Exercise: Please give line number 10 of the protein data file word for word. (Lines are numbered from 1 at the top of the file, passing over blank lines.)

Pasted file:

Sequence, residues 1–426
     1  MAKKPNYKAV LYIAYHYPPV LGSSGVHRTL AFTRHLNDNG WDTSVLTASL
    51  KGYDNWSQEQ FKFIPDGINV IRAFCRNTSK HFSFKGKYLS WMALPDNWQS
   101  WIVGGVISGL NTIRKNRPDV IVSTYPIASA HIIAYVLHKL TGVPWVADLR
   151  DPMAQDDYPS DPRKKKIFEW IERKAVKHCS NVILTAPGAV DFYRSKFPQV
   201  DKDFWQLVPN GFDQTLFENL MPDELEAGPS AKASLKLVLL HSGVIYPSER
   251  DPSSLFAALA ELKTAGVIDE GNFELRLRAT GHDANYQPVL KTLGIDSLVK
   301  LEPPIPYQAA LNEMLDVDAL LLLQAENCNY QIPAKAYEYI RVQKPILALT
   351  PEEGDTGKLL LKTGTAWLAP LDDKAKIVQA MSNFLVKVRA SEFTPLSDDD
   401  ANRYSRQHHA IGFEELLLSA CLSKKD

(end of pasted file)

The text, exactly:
   401  ANRYSRQHHA IGFEELLLSA CLSKKD